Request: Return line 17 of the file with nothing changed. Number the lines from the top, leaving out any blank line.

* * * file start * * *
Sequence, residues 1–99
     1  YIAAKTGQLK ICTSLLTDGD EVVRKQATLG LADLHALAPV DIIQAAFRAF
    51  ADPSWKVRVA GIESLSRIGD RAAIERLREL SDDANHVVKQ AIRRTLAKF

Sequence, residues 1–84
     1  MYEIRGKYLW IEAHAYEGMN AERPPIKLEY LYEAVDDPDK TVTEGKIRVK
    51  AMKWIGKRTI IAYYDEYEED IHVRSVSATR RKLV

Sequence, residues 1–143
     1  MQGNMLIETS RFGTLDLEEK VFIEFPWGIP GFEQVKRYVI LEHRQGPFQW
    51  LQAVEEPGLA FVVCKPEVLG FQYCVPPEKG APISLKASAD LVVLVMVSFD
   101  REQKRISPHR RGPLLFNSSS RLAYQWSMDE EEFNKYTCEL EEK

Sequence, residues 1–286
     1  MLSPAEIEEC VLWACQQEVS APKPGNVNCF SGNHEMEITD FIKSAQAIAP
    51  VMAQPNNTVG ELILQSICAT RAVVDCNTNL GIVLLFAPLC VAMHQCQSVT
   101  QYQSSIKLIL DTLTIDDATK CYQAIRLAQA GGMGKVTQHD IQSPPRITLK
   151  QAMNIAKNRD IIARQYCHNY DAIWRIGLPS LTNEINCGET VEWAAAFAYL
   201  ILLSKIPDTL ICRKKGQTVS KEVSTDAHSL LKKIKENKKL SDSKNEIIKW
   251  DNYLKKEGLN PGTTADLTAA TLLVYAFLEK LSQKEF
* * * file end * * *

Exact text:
   251  DNYLKKEGLN PGTTADLTAA TLLVYAFLEK LSQKEF